Slynt sneaks through the bloodbath of the yard, which is a flurry of arrows, spears, axes, cleavers and other weaponry smashing through leather and bone. He makes his way down into the kitchen pantry where Gilly and her baby are hiding. This Wildling warfare has proved too much for the King's Landing boy Slynt. 

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20 Comments

  • John | June 11, 2014 9:04 AMReply

    Can't help thinking they should have lined the tunnel with oil and set the giant alight. Not as excitingly or suspenseful I guess!?!

  • Prin | June 11, 2014 3:45 AMReply

    This was an episode of epic proportions, i thoroughly enjoyed it probably even more so than the battle of the black water. Although i agree that it just didn't have the shock factor that came with the red wedding or stark's beheading. Season 4 has been a lot more feel good than the other seasons with only Oberlin's and Ygritte's death really having much impact on me. I was rather happy to see the doom and gloom of King Joffrey and Lysa.

  • Paul | June 10, 2014 11:36 PMReply

    Why didn't Jon take Ghost with him? I think he wants to die. Ghost is so white he could have camouflaged right in with the snow, and he has the coolest pet name ever.

  • Meg | June 10, 2014 9:01 PMReply

    The chanting by the gate was a nice touch, but I guess I've seen Galaxy Quest too many times, because it reminded me of the Mak'tar chant of strength, "larack tarath," etc. This was a fun episode, but at the end I was left wondering what was going on at King's Landing and with Arya and the Hound.

  • Mellow Yellow | June 10, 2014 6:20 PMReply

    GOT - I thought they finally gave some love to Jon Snow and the Night's Watch, the over-head view of the battle from both sides was frickin "HALO" awesome. This episode was nice to see how other's struggle and fight for a cause not named Lannister's.

  • James Graham | June 10, 2014 5:36 PMReply

    Are we absolutely sure that Allister Thorne is dead? My last view of him was him being dragged to shelter but apparently still alive. Did we actually see a dead body? Fantastic episode.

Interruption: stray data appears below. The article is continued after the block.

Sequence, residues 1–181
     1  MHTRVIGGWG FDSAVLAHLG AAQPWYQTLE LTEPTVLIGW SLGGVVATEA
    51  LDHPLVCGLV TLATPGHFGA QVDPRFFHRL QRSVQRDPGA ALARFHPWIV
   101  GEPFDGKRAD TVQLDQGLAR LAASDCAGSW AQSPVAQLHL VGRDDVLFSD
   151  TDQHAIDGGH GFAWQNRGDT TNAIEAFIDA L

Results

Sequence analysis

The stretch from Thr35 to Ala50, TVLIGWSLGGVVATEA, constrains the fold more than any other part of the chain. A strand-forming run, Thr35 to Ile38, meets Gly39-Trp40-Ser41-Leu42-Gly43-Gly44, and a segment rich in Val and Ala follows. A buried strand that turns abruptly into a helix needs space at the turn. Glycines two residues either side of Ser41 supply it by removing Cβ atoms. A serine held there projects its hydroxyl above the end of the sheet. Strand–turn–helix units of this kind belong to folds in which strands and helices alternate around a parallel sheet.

• VChile | June 10, 2014 7:31 AMReply

    Ginger Minge

  • Kurrukin | June 10, 2014 12:52 AMReply

    Nice, big budget episode, with a grand army scene. I bet they had to borrow LOTR editors and production crew for this one.

  • johhny | June 12, 2014 11:07 PM

    I'm pretty sure they had a million role-playing medieval fans who could play the battles for free and needing only little rehearsing in the fight scenes.

  • Mike | June 9, 2014 10:36 PMReply

    Great recap. I loved the episode. They do a wonderful job with these epic battles and dedicating the whole episode to them. I was so happy when I realized what was happening. If you were to break up the action it would take something away from the realism. It's like watching Schindler's List with goofy commercials in the intermissions; it takes away from the experience. The politics and everything else can wait. How do you break this battle into multiple episodes anyway? I think it was brilliantly done. If it were just fighting for an hour it would get monotonous, but there was so much more going on, so many touching moments that the hour went by so fast I couldn't believe it when the credits rolled. These men fought a battle to protect a Westeros that has forgotten about them; they deserved their own episode. Superb directing and storytelling.